This North Carolina mom never expected state officials would try to block her from homeschooling just because she graduated from a high school in Mexico.

She had moved to the US with her husband several years ago to be closer to extended family.

Since then, her children had been attending public school, but this year the mom decided to switch to homeschooling. She was concerned her kids were not being academically challenged, and that they were being taught values that conflicted with her Christian faith.

Paperwork Problems

She submitted all the required documents stating her intent to begin homeschooling. However, officials at the North Carolina Division of Non-Public Education (DNPE) objected to her high school diploma because it was printed in Spanish. They told the mom to provide a certified translation of the diploma in English.

The mom had never been asked to comply with such a request before and wondered how to proceed, so she contacted Home School Legal Defense Association. To make matters worse, the officials from the local public high school then said  that unless her children returned to class, she risked going to court on truancy charges.

HSLDA staff attorney Amy Buchmeyer and her assistant Jane White spoke with the mom, advising her to formally withdraw her children from public school. Marilú Herrera, an HSLDA bilingual membership representative, assisted with the call.

Buchmeyer also contacted DNPE officials on behalf of the mom.

“I told them that North Carolina law says that in order to homeschool, parents need to have a valid high school diploma,” she recalled. “It doesn’t say anything about it being in English.”

Happy Ending

Unfortunately, the education department remained silent on the diploma issue.

Instead, an attorney with the local public school telephoned Buchmeyer. Then a school official showed up at the family’s home. The mom called HSLDA, and Buchmeyer remained on the phone with her throughout the meeting.

But instead of escalating the situation into a legal crisis, the official suggested having the school’s translators provide a copy of the mom’s diploma in English.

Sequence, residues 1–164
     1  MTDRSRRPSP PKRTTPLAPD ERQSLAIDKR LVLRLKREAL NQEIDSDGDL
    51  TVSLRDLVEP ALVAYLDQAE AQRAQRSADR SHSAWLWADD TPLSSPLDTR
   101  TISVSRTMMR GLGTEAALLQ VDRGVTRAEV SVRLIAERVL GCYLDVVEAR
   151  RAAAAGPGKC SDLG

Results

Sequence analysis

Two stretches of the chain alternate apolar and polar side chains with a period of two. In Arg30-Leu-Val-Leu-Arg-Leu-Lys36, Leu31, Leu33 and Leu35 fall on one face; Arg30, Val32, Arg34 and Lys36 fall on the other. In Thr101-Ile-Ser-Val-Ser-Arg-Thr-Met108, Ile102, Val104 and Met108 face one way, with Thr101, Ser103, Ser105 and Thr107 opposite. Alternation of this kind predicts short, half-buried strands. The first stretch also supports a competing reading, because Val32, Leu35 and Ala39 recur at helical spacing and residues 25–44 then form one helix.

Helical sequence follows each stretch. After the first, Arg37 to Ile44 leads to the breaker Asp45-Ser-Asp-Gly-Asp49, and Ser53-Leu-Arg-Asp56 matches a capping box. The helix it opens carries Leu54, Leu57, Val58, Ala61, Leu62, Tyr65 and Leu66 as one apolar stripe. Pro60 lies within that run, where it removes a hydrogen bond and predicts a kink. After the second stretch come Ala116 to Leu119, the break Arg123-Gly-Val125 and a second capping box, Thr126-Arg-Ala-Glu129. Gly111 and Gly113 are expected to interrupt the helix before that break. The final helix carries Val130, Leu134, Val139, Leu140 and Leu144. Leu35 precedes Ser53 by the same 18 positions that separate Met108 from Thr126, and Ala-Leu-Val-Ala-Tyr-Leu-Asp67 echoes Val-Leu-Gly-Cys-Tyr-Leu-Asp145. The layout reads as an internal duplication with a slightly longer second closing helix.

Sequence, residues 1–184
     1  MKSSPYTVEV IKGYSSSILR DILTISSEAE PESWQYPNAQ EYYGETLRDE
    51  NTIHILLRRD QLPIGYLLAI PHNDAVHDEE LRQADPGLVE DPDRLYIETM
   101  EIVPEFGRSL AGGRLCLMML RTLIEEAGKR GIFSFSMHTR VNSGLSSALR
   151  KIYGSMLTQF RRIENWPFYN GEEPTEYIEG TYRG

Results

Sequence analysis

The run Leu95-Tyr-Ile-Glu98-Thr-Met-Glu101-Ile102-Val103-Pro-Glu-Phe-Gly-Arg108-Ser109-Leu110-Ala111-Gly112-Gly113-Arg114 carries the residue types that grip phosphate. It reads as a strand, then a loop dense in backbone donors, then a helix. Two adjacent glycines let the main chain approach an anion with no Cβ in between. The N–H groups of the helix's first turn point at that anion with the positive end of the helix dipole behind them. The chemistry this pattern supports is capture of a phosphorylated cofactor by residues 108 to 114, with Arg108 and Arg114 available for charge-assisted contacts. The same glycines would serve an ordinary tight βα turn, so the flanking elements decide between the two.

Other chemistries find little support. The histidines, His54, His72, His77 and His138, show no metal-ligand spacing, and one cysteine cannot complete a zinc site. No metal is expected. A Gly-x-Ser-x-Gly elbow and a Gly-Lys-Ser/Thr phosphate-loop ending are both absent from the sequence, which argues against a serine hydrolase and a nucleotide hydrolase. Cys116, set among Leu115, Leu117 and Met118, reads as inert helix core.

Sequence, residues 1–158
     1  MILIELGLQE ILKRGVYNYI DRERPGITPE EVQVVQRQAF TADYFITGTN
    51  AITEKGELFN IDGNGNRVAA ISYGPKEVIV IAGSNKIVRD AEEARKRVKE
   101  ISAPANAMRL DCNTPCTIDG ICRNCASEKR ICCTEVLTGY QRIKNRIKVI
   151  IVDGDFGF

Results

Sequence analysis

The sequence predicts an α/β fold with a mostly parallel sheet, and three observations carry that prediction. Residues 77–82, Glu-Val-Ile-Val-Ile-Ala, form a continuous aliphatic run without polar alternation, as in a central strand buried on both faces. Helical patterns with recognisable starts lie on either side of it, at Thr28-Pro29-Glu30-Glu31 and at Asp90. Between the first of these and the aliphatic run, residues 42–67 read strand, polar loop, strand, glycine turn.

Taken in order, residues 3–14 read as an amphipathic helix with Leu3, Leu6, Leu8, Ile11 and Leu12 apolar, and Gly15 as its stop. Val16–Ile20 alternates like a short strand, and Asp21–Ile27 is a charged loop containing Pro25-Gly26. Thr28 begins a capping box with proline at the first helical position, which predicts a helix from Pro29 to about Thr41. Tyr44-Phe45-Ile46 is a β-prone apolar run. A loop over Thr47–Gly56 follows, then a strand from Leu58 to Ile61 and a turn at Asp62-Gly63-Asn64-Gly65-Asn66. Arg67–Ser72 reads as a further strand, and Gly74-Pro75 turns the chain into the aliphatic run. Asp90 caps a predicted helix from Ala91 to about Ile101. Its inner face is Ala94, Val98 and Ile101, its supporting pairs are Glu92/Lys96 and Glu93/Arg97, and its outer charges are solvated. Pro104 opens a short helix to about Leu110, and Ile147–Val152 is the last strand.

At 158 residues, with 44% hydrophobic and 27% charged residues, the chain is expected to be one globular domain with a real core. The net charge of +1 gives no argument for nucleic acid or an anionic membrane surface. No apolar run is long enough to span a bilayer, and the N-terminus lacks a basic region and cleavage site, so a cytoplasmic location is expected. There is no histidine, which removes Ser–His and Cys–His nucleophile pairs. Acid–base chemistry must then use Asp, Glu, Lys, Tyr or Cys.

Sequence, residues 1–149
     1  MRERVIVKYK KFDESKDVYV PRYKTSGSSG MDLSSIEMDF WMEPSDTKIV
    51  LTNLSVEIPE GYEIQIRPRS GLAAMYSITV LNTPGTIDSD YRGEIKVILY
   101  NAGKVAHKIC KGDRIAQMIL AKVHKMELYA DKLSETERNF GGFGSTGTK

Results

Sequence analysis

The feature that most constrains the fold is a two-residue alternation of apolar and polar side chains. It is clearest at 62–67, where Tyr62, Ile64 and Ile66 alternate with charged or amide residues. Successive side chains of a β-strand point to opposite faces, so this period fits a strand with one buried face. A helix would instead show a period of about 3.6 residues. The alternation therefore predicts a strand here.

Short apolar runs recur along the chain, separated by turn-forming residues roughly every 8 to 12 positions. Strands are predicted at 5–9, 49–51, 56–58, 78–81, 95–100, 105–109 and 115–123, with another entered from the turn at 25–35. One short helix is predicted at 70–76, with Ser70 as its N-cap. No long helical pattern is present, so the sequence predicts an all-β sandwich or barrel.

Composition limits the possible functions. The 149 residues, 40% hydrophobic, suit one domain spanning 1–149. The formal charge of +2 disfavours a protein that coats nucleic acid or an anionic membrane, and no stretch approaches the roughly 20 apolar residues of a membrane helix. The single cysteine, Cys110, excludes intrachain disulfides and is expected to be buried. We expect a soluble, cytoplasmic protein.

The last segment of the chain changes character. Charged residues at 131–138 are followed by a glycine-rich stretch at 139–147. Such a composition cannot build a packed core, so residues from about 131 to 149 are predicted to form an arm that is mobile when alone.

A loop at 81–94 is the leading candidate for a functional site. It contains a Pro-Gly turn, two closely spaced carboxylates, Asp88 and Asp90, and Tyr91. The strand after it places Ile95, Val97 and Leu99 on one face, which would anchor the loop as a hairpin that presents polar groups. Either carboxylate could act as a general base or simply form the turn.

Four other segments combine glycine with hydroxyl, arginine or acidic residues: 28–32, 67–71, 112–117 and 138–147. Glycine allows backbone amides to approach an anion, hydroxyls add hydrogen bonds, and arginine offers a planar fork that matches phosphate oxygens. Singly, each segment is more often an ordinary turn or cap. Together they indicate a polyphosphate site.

They did, and the DNPE accepted the document.

The mom said she was grateful for HSLDA helping her family navigate the bureaucracy they faced so they could focus on homeschooling. She added that she believes this flexible, personalized educational option will keep her kids engaged in an environment that’s based on the tenets she and her husband value most.

“Everything we are doing is for the good of our kids,” she said. “Even though it is hard for us as the Hispanic community because we have language barriers and many of us don’t speak English well yet, there is nothing impossible for the Lord.”

Although North Carolina doesn’t have any specific requirements that homeschool instruction be conducted in English, it does require parents to test their child using a nationally standardized test or other nationally standardized equivalent measurement at least once during every school year. That test must measure achievement in the areas of English grammar, reading, spelling, and mathematics.

Buchmeyer said she was pleased the case ended on such a positive note.

“She said we made her feel safe,” Buchmeyer reported. “It’s nice to see that we helped a mom feel confident about homeschooling and that we made it possible for her to do it.”